Archives for category: School

It really does! You know who’s making it better, though? Moodle is making it better. In the software industry, selling to large organizations means sales, not product refinement. Software written for the healthcare, education, and government sectors is especially bad, because they’re especially large customers. A better approach? Build e-classroom software from the ground up, let users and volunteers refine it.

In this age of on-campus Burger Kings and Starbucks, I think it’s great whenever academia adopts the more peer-reviewed, noncommercial approach. Two more areas that I think we could improve with openness, collective ownership, and fairness:

  • Textbooks: Currently, this is a hell of a racket for publishers, at the expense of both students, who pay every semester, and authors, who get a raw deal on the rights to their work.
  • Journals: Professors write articles, give them to publishers for free, and the journal is sold back to schools for absurd prices. Students get to read the journals if their school has access, the information is kept hidden from the rest of society.

Please forgive me; I am here reposting a bit on Need Anticipation:

An advantage often enjoyed by e-commerce ventures not available to other types of businesses is the use of algorithms to solve technical problems too complex for humans. Historically, supply chain management, enhanced pricing discrimination, and data mining have all bolstered the income and profitability of e-commerce vendors. One promising new technology which retailers are currently investigating is consumer need anticipation – accurately predicting the desire for a good or service, and offering it at an opportune point in time. Existing data about the customer (or other customers) is leveraged to make an informed decision about what products to offer.

While marketing has long been concerned with creating the need for a product, it is important to make note of the new distinction here: consumer needs have, at the point of time of suggestion, already been created or at least lay dormant – need anticipation intends to identify the consumer’s existing willingness to purchase an item and consequently offer the item. It is also important to note the possibility of this technology to build customer closeness in a way concordant to branding by allowing the customer to spend additional time browsing recommendations, allowing users to recommend products to friends, and allowing users to rate items they are interested in. These features not only keep customers on a website for longer, they give the user solid reason not to switch to a competing website (and lose the use of their ratings) and they give the user a motivation to invite their friends (to gain and give recommendations).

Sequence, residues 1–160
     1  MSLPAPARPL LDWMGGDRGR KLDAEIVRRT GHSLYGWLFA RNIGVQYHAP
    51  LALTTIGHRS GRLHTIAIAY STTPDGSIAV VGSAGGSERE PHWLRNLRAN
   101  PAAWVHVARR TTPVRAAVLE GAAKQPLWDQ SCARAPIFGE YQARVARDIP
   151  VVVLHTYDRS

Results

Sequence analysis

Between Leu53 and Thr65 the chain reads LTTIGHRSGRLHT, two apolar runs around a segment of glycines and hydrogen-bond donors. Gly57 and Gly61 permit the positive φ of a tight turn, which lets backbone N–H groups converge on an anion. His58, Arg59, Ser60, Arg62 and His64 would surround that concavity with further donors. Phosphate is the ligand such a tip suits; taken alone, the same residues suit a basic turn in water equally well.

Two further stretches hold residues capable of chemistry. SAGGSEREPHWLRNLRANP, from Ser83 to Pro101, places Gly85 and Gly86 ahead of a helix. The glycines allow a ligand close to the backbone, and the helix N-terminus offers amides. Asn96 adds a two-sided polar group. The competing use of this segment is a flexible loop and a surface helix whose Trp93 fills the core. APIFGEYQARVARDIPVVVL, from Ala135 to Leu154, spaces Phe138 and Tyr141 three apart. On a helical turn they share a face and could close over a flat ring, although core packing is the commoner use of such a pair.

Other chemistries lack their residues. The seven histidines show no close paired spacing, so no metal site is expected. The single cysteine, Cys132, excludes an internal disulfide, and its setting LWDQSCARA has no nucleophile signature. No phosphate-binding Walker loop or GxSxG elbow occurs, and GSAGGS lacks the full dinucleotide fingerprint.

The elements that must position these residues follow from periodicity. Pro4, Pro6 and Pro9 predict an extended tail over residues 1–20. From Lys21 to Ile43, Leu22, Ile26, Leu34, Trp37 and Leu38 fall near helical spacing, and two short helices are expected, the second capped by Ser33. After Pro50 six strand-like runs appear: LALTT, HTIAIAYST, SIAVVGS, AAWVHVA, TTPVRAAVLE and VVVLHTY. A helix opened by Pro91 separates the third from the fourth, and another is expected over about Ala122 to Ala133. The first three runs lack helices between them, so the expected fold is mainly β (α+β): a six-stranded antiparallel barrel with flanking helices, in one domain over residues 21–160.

Amazon may well be the most successful early adopter of consumer need anticipation tactics. When a new user arrives at the site, they are greeted with the message “Hello. Sign in to get personalized recommendations. New customer? Start here.” [1], along with generic recommendations of bestsellers, sale items, and seasonal items. When a user logs in, they are presented with new recommendations based on recently added products. Throughout the process of viewing products (a procedure roughly corresponding to browsing), the user is shown a histogram outlining what products were bought by users who viewed the current product, instantly showing the path of least resistance for most consumers. This entrusts that the customer can easily find the most ‘purchasable’ similar products. Suggestions are based on items “Frequently Bought With Items in Your Cart”, “Customers Who Bought This Item Also Bought”, “Frequently Bought Together” [with the currently viewed item], and “These recommendations are based on items you own and more.” [2] Clearly, Amazon engineers are making use of several different easily obtained statistics to make recommendations, and it seems as though most data points are being put to use in some way or another.